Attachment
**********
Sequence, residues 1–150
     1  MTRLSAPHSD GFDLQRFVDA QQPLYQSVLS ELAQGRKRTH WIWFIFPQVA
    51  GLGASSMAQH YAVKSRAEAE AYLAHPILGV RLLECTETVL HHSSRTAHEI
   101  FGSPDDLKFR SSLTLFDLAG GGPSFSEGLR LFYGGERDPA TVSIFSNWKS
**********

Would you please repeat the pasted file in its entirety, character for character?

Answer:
Sequence, residues 1–150
     1  MTRLSAPHSD GFDLQRFVDA QQPLYQSVLS ELAQGRKRTH WIWFIFPQVA
    51  GLGASSMAQH YAVKSRAEAE AYLAHPILGV RLLECTETVL HHSSRTAHEI
   101  FGSPDDLKFR SSLTLFDLAG GGPSFSEGLR LFYGGERDPA TVSIFSNWKS